Evolution never ends
Published: 03 August, 2016
With boilers hitting the ceiling of achievable efficiencies, Gavin Watson of Elco Heating Solutions, discusses the importance of a solid controls strategy, the careful consideration of the heat-exchanger material, plus the ongoing refinements in commercial boiler design.
In March 2013, the Government outlined how non-domestic buildings accounted for 17% of total UK energy consumption, with over 60% of their energy use attributed to the delivery of heating and cooling. Since this report, we have had the monumental commitment made at the UN Climate Change Conference (COP21) last year, limiting global warming to below 2 K and bringing down greenhouse-gas emissions to net zero within a few decades. Together, these figures add up to a desperate need to update the heating systems of the UK’s 1.8 million non-domestic buildings.
The energy benefits of upgrading an old atmospheric boiler to a modern condensing unit are fairly evident. However, specifiers need to be able to recognise the underlying technology of a commercial boiler and which specific features have the greatest long-term energy-saving credentials.
Firstly, let’s address the debate over stainless steel and aluminium heat exchangers. Manufacturers on both sides of the argument have presented strong cases to each material’s benefits.
However, at Elco, we are firmly in the stainless-steel camp as the long term performance of this material is superior to its counterpart.
When you compare lifetime efficiency — which is the key aspect of any boiler installation — aluminium loses efficiency significantly during its operating window, whereas stainless steel does not suffer any reduction in performance levels.
|The heat exchanger plays a key role in maximising boiler efficiency.|
In addition, there is no build-up of sludge in the form of aluminium oxide, nor is there a corrosion on the hydraulic side of the boiler. With these potential issues in mind, specifying commercial boilers with stainless-steel heat exchangers makes complete sense for the long term performance of a heating system.
Cascade arrangements are particularly popular in the commercial refurbishment market as, very often, they reduce the overall plant footprint while offering deeper turndown ratios, improved seasonal efficiencies, lower fuel costs and a significant reduction in emissions.Of course, using a cascade arrangement requires a suitable control strategy. A cascade control system, for example, allows two or more boilers to be modulated up or down, or switched on or off when the heating load changes. This maximises efficiency, improves fuel consumption and reduces wear and tear on the boilers. Other controls to consider include weather compensation to adjust the system flow temperature relative to outside temperature variation.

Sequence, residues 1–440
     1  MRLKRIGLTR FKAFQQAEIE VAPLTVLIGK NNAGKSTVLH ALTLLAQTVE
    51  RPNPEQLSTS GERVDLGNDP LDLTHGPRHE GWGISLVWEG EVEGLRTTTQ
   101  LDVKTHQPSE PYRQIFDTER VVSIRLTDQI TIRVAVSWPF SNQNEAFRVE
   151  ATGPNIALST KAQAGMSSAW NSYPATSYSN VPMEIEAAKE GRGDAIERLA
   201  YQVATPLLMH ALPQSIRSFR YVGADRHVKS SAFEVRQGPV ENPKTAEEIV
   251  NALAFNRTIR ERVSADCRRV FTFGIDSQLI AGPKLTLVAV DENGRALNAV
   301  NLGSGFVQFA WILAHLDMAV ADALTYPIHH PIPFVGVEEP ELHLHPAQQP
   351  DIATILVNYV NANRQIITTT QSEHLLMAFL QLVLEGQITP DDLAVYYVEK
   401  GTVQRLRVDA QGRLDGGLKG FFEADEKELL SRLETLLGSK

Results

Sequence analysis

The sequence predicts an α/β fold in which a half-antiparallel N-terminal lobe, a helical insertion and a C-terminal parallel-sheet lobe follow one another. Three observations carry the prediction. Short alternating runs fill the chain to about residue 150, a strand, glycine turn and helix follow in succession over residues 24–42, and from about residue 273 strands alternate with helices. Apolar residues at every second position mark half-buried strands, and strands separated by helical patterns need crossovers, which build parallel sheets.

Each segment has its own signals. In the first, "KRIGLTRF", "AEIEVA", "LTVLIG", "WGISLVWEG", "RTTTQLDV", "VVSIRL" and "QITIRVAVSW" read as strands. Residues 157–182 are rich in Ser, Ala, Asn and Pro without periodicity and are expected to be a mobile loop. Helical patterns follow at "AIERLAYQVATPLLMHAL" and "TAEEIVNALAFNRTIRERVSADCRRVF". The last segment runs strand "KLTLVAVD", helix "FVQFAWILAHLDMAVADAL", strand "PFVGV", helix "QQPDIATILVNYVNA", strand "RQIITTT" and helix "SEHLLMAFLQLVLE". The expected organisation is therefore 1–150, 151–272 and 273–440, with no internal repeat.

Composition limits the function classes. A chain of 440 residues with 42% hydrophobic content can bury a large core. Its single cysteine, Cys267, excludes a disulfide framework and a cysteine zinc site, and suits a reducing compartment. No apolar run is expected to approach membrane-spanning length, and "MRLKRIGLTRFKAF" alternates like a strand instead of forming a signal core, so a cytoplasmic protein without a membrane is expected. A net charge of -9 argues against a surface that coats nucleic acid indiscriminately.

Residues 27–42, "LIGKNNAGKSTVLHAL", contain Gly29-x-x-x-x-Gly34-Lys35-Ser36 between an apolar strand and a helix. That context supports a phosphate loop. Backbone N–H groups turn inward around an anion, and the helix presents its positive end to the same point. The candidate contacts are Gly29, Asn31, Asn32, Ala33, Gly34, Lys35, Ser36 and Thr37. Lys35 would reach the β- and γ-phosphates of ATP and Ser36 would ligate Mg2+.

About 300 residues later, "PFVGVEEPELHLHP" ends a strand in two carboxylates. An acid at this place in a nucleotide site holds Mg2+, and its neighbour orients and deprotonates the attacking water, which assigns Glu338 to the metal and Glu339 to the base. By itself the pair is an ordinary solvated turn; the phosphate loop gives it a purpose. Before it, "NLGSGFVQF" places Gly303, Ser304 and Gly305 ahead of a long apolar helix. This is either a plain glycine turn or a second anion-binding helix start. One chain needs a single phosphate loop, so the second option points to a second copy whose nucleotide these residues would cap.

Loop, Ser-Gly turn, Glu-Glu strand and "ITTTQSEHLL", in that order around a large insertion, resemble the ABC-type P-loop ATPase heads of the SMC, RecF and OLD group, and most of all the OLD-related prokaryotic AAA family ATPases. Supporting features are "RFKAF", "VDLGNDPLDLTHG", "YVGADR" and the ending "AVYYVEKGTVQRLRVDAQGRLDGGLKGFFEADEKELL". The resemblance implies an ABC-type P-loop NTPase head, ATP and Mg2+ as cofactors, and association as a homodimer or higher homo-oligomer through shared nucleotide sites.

For a while now, there haven’t been huge strides in condensing boiler technology, especially as efficiency levels started to hit a ceiling. However, more recently, there have been a number of smaller gains which, when combined, add up to a considerable leap forward in boiler performance. Certainly this is the approach taken at Elco, where key areas have been identified surrounding overall efficiency and the environment. Only by breaking these down to an almost atomic level can the potential gains be unlocked.
Take the design of a heat exchanger as an example. Maximising heat transfer is paramount, so utilising laser-welded fin tubes allows for the best possible heat transfer between tube and fin, as does optimising the turbulent flow of water through the coils. These might seem like simple solutions, but the design of a heat exchanger is incredibly complex and requires years of research and development — something only established manufacturers can undertake.
|Cascade boiler arrangements are particularly popular in the commercial refurbishment market.|
Another incremental improvement that has come to light is the ancillary energy consumption of a commercial boiler. This can emanate from a variety of sources, but it’s vitally important to keep resistance on the flue and hydraulic side as low as possible, as this ensures the energy consumption of main components such as the fan and the pump is minimised.
Finally, from an environmental standpoint, careful consideration should be given to the emissions of gas condensing boilers. After all, this directly leads back to the global warming targets that the UK and a hundred other nations have committed to. Consequently, the latest boilers need to be targeting and achieving the highest class of NOx emissions (Class 6). Doing so not only ensures the specification of a boiler is ecologically sound but also futureproofs the heating system it is connected to.
Taking into account all the underlying features of a new boiler at the specification stage is sure to offer long-term gains for a heating system. Major components such as the heat exchanger should always be evaluated carefully to ensure lifetime efficiency, while a solid control strategy is an essential element of any modern plant room.
Combining these aspects with the smaller incremental improvements of the latest modern units will ultimately help provide a high-quality and efficient system — one that can help meet the tough targets ahead and help deliver a net-zero-carbon economy.
Gavin Watson is sales director at Elco Heating Solutions.
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